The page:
The purpose of this article is to suggest and discuss an alternative method of resolving construction disputes with respect to variations where technical disputes relating to variation get resolved, during the course of the project without recourse to elaborate dispute resolution mechanism, thereby reducing contractor’s burden of cash flow issues whilst protecting principal’s rights on legal issues of variation to be dealt with other disputes, if any, at the end or termination of the project through dispute resolution mechanism.
Construction contract variations are often a major source of disputes between principals or owners and contractors.
Variations may be required for diverse reasons including, latent site conditions, design defects, changes in law, instructed changes to works and value engineering.
The principal’s requirement is that the contractor complies with its variation requirements provided that such requirements: 1) are not materially different from the original work of the contractor; 2) are within the ability of the contractor; and 3) are required to be undertaken at a reasonable time for example, well before practical completion or taking over of the project.
Typically, the contractor is appointed after an elaborate selection process and the project works may be at a significantly advanced stage when the need for variation arises. In such circumstances it would be difficult, if not impossible, for the principal to carry out variations on its own or through another contractor. Sometimes the contractor is forced to carry out certain works, beyond the original scope of work. However, if the contractor demonstrates that the variation is beyond the contractor’s ability, then it is customary for the works superintendent under the contract to decide either to cancel, confirm or vary the variation instructions.
Whilst it is important for the principal to protect its rights to cause the contractor to undertake variations, it is equally important for the contractor to protect its own rights to recovery of costs, profits and where applicable, extension of time for project completion.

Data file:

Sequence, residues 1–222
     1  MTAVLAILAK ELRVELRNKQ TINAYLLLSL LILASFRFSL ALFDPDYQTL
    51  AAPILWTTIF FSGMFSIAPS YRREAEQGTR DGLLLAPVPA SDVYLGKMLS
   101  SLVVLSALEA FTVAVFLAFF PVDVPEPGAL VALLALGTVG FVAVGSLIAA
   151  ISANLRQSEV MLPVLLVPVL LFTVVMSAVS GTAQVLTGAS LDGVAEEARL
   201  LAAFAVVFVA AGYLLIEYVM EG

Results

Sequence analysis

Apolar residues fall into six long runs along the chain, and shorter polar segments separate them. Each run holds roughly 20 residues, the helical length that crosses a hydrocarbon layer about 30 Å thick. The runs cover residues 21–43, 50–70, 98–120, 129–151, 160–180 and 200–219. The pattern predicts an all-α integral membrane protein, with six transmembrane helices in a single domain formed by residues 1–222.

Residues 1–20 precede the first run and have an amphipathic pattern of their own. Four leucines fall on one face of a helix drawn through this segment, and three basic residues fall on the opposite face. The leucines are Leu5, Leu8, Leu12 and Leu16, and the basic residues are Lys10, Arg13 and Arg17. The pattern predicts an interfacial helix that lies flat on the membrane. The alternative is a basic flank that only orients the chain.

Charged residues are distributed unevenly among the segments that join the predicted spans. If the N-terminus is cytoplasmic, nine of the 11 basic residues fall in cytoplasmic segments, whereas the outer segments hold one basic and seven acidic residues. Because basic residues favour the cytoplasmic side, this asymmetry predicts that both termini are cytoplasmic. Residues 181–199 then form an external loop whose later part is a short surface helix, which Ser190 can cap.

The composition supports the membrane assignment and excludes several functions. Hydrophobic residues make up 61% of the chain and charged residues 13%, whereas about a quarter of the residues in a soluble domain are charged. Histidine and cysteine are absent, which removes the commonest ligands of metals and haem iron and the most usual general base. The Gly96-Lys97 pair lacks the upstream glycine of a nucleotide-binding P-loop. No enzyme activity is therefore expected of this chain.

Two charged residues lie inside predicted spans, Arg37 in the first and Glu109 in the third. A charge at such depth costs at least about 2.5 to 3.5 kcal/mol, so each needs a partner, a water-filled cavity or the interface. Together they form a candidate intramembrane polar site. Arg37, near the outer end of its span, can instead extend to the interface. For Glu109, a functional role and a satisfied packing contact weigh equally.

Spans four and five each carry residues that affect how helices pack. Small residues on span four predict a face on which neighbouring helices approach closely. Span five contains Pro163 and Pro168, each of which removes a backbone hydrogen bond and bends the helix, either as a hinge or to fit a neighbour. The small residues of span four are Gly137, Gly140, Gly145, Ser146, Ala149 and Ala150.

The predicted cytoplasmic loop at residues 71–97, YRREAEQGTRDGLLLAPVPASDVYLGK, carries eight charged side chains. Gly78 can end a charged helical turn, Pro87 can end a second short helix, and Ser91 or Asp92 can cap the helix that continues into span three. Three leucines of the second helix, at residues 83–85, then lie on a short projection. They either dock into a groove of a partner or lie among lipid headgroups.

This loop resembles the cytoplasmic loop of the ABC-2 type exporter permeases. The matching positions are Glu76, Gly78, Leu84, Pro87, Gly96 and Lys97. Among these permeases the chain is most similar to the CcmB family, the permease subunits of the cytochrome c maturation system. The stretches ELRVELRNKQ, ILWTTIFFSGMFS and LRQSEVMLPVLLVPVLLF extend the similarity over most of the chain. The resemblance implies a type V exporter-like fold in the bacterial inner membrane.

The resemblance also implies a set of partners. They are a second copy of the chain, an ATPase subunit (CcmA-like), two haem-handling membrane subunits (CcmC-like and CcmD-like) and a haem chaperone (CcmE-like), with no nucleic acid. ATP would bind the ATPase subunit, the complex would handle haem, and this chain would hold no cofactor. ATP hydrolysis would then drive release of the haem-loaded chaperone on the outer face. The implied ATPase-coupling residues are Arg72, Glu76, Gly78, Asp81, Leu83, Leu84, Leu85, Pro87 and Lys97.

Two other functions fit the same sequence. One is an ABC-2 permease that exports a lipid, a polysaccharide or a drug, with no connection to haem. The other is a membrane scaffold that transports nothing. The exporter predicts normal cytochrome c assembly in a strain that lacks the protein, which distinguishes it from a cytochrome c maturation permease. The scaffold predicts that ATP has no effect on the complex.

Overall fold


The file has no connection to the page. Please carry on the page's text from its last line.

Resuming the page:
It is common in construction contracts that whenever there is a claim by the contractor that a particular requirement, whether arising out of principal’s requirement or request by the contractor is a variation, the works superintendent, decides if the requirement is a variation and the consequences of that determination. The works superintendent is a person appointed by the principal and paid for by the principal. The works superintendent decides: 1) whether the requirement is truly a variation or part of the original scope of work of the contractor under the contract; 2) objections to, or feasibility of, such work being undertaken by the contractor; 3) the quantum or cost and /or profits, if at all, to be paid by the principal to the contractor; and 4) entitlement of the contractor to extension of time.
In the event of a dispute between the principal and the contractor as to whether a particular requirement of the principal or request by the contractor is in fact a variation or part of original scope of work of the contractor, if the works superintendent concurs with the principal, the contractor’s remedy would be to have recourse under the contract’s dispute resolution mechanism.
In some standard form contracts, the dispute resolution mechanism has two tiers. At the first level a dispute resolution board, which is constituted under the contract, attempts a resolution and if unsuccessful, the aggrieved party may invoke the arbitration mechanism. Often disputes are aggregated and dealt with in a single arbitration at the end of the contract.